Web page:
To prevent baby bottle tooth decay:
- Try not to share saliva with the baby through common use of feeding spoons or licking pacifiers. After each feeding, wipe your child’s gums with a clean, damp gauze pad or washcloth.
- When your child’s teeth come in, brush them gently with a child-size toothbrush and a smear (or grain of rice sized amount) of fluoride toothpaste until the age of 3.
- Brush the teeth with a pea-sized amount of fluoride toothpaste from the ages of 3 to 6.
- Supervise brushing until your child can be counted on to spit and not swallow toothpaste—usually not before he or she is 6 or 7.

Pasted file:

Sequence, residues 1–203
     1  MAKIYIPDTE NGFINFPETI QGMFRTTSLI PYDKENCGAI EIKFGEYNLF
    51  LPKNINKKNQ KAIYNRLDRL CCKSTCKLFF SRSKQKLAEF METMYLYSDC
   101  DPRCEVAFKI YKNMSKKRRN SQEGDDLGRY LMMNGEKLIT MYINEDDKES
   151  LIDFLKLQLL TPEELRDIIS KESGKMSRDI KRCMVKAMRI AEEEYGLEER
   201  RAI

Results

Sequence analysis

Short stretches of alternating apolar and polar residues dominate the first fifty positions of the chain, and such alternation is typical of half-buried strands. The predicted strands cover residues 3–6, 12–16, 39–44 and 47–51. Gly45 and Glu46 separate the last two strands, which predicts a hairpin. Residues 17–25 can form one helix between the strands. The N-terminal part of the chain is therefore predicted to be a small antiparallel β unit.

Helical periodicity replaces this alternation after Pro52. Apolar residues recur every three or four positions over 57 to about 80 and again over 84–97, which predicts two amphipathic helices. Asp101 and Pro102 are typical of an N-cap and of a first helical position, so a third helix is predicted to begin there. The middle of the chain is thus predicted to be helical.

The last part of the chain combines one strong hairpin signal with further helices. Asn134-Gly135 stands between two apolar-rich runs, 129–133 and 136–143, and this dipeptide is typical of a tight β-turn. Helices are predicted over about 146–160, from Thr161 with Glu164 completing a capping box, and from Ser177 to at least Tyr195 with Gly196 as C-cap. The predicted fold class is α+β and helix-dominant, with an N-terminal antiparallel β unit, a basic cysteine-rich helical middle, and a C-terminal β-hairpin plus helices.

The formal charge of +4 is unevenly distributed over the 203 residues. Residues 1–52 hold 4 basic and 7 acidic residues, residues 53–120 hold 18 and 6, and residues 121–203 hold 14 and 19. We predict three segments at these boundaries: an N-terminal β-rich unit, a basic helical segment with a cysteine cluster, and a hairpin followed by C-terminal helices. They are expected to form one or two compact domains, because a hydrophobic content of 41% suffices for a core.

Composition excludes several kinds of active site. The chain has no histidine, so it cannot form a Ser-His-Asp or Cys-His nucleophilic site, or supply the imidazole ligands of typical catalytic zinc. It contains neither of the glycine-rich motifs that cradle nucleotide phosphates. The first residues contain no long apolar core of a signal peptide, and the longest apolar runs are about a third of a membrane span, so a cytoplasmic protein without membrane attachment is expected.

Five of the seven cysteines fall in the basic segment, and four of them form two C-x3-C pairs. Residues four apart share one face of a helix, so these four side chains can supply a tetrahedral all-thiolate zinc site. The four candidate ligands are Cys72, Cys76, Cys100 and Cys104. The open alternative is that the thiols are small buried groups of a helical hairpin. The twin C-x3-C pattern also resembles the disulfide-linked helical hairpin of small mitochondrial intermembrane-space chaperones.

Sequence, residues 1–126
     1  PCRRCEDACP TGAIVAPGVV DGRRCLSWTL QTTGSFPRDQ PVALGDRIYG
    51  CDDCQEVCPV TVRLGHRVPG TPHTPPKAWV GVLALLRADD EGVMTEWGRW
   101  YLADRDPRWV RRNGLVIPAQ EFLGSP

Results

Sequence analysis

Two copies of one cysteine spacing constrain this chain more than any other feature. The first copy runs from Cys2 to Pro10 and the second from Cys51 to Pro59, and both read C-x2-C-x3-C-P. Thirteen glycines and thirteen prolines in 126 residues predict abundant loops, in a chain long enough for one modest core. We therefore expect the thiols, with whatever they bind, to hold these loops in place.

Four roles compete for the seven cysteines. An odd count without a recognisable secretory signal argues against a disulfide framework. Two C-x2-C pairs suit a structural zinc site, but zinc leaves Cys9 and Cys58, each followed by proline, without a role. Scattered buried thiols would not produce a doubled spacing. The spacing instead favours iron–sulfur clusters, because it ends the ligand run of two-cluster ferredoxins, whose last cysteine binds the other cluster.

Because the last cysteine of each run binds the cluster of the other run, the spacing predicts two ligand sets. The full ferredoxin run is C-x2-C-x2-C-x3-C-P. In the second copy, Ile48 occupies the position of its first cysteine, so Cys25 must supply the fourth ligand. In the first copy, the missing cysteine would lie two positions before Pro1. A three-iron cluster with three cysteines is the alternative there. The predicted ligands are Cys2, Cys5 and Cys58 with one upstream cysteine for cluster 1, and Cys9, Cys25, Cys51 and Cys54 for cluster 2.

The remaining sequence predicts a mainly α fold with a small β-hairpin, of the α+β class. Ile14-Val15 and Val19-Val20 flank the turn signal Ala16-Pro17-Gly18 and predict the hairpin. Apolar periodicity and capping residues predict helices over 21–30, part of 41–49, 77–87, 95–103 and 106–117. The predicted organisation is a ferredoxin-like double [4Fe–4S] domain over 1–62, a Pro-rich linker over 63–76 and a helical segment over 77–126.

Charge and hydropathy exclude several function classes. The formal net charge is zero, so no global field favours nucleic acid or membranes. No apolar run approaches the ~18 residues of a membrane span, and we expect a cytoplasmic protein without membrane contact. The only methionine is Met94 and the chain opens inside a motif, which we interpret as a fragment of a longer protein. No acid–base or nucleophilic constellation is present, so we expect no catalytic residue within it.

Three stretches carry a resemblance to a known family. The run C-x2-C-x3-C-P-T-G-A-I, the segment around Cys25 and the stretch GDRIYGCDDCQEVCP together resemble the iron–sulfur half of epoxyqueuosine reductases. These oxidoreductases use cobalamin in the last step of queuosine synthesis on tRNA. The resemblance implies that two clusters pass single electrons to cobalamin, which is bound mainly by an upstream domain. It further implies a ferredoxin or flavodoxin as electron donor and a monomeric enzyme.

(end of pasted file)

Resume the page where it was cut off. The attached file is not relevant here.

- Place only formula, milk or breast milk in bottles. Avoid filling the bottle with liquids such as sugar water, juice or soft drinks.
- Infants should finish their bedtime and nap time bottles before going to bed.
- If your child uses a pacifier, provide one that is clean—don’t dip it in sugar or honey.
- Encourage your child to drink from a cup by his/her first birthday.
- Encourage healthy eating habits.
When your child’s first tooth appears, talk to your dentist about scheduling the first dental visit. Treat the first dental visit as you would a well-baby checkup with the child’s physician. Remember: starting early is the key to a lifetime of good dental health. For more information visit ADA.
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